i |
3 |
4 |
5 |
7 |
11 |
13 |
17 |
23 |
29 |
43 |
47 |
83 |
131 |
137 |
359 |
431 |
433 |
449 | |

Fib(i) |
2 |
3 |
5 |
13 |
89 |
233 |
1597 |
28657 |
514229 |
433494437 |
digits |
digits |
digits |
digits |
digits |
digits |
digits |
digits |

Now you should be able to spot the odd one out: that one number, i, which is not a prime in the list above, even though Fib(i) is.

Now you should be able to spot the odd one out: that one number, i, which is not a prime in the list above, even though Fib(i) is.

G. L. Honaker Jr. pointed me to two curious oddities about the Fibonacci numbers and prime number. a Prime Curio that the number of primes less than 144, which is a Fibonacci number, is 34, another Fibonacci number. He asks:

Can this happen with two larger Fibonacci numbers? I pass this question on to you - can it? The link to the Prime Curio page uses the notation that tt(N) means "the number of primes between 1 and N" and includes N too if N is prime. (See also a graph of this function.) Since the prime numbers begin

2, 3, 5, 7, 11, 13, 17, ... then tt(8)=4 (there are 4 primes between 1 and 8, namely 2, 3, 5 and 7) and tt(1 1)=5. There are some smaller values, too:

More Links and References on Prime Numbers

There is a complete list of all Fibonacci numbers and their factors up to the 1000-th Fibonacci and 1000-th Lucas numbers and partial results beyond that on Blair Kelly's Factorisation pages

Chris Caldwell's Prime Numbers site has a host of information.

There is a nice Primes Calculator at Princeton University's web site.

^^ Factorization of Fibonacci Numbers D E Daykin and L A G Dresel in The Fibonacci Quarterly, vol 7 (1969) pages 23 - 30 and 82 gives a method of factorising a Fib(n) for composite n using the "entry point" of a prime, that is, the index of the first Fibonacci number for which prime p is a factor.

0, 1, 1, 2, 3, 5, 8, 13, 21, 34, 55, 89, 144, 233, 377, 610, 987 . .More. . E

Benford's Law and initial digits

[With thanks to Robert Matthews of The Sunday Telegraph for suggesting this topic.]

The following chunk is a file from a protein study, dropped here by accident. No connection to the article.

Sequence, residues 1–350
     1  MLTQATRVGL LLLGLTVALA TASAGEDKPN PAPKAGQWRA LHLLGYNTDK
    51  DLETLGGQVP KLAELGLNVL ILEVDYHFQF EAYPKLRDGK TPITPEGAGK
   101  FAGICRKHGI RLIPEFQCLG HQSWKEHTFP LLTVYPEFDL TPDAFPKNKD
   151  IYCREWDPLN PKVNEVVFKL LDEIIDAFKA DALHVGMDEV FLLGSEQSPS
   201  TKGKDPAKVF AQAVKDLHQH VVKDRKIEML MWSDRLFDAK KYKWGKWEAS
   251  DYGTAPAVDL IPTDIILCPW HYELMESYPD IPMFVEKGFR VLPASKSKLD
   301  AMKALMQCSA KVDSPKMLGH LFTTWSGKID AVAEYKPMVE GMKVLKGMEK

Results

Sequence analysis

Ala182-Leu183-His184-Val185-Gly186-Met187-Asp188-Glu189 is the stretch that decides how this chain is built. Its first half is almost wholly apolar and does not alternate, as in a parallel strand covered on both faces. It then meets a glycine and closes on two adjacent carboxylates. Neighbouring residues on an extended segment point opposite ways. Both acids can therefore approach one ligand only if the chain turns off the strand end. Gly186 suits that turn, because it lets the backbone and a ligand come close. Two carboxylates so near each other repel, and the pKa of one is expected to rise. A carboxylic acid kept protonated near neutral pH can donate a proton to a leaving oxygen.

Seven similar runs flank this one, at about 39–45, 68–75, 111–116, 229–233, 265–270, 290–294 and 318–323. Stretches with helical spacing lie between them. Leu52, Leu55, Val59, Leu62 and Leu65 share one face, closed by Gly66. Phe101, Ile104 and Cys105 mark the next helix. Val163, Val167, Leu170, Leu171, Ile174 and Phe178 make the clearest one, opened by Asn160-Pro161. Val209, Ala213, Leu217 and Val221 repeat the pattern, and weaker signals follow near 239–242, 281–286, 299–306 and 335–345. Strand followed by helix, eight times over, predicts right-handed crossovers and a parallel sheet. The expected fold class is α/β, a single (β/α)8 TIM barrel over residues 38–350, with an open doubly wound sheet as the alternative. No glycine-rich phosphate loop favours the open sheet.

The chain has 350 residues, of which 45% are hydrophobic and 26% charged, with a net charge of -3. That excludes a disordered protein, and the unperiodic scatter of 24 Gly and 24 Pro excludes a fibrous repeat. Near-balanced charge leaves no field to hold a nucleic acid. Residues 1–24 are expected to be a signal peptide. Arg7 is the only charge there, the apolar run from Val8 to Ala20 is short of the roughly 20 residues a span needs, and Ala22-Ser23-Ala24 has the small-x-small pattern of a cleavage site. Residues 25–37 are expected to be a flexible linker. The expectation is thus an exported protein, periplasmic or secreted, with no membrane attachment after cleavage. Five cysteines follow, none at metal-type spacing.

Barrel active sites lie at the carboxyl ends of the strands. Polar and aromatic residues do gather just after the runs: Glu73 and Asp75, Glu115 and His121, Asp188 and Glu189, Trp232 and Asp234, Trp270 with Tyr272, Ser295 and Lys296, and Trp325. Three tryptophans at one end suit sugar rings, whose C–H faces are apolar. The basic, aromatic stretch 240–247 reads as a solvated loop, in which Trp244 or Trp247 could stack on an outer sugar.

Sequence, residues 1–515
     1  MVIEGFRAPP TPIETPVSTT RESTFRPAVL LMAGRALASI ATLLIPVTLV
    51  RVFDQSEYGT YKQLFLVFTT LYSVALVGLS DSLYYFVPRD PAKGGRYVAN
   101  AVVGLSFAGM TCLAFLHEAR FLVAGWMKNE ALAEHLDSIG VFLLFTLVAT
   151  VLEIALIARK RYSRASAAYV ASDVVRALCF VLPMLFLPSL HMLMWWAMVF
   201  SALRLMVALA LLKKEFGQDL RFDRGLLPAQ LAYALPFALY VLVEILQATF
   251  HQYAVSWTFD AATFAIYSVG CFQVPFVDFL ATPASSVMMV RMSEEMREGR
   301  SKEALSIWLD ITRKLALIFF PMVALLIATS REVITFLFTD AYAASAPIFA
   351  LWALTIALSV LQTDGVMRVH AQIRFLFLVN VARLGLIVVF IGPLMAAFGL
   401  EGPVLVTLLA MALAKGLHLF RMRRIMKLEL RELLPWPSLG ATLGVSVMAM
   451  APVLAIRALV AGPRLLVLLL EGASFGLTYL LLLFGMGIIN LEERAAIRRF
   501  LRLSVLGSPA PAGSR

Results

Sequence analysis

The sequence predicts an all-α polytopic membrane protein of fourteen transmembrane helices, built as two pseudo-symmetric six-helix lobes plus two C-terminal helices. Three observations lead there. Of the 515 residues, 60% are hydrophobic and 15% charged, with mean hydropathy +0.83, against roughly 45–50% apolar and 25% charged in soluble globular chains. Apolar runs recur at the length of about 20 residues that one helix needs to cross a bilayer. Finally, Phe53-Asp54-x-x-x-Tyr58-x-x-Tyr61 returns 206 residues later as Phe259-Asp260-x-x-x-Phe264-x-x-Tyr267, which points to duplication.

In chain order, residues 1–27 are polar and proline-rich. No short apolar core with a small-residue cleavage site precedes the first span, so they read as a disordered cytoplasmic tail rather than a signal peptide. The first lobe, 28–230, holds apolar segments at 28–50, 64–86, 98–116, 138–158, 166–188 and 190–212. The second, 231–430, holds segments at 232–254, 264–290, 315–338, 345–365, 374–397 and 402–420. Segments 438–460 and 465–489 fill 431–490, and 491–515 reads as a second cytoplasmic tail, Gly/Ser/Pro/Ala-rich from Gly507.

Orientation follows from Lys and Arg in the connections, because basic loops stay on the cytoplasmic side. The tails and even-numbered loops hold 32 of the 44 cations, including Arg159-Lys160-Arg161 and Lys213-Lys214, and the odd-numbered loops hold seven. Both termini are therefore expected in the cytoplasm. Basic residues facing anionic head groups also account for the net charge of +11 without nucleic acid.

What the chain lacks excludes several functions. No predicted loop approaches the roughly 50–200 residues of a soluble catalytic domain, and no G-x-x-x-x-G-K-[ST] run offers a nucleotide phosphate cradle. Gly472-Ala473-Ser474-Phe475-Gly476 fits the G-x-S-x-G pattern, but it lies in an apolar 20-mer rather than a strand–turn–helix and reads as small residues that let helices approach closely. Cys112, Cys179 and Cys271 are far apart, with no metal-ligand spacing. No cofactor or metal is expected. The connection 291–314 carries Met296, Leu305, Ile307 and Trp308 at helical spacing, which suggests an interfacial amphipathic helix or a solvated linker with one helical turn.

Having looked at the end digits of Fibonacci numbers, we might ask

Are there any patterns in the initial digits of Fibonacci numbers? What are the chances of a Fibonacci number beginning with "1", say? or "5"? We might be forgiven for thinking that they probably are all the same - each digit is equally likely to start a randomly chosen Fibonacci number. You only need to look at the Table of the First 100 Fibonacci numbers or use Fibonacci Calculator to see that this is not so. Fibonacci numbers seem far more likely to start with "1" than any other number. The next most popular digit is "2" and "9" is the least probable!

This law is called Benford's Law and appears in many tables of statistics. Other examples are a table of populations of countries, or lengths of rivers. About one-third of countries have a population size which begins with the digit "1" and very few have a population size beginning with "9".

Here is a table of the initial digits as produced by the Fibonacci Calculator:

Digit: |
1 |
2 |
3 |
4 |
5 |
6 |
7 |
8 |
9 |

Frequency: |
30 |
18 |
13 |
9 |
8 |
6 |
5 |
7 |
4 100 values |

Percent: |
30 |
18 |
13 |
9 |
8 |
6 |
5 |
7 |
4 |

What are the frequencies for the first 1000 Fibonacci numbers or the first 10,000? Are they settling down to fixed values (percentages)? Use the Fibonacci Calculator to collect the statistics. According to Benford's Law, large numbers of items lead to the following statistics for starting figures for the Fibonacci numbers as well as some natural phenomena

Digit: |
1 |
2 |
3 |
4 |
5 |
6 |
7 |
8 |
9 | |||||||||||||||||||||||||||||||||||||||||||||||||||||||||||||||||||||||||||||||||||||||||||||||||||||||||||||||||||||||||||||||||||||||||||||||||||||||||||||||||||||||||||||||||||||||||||||||||||||||||||||||||||||||||||||||||||||||||||||||||||||||||||

Percentage: |
30 |
18 |
13 |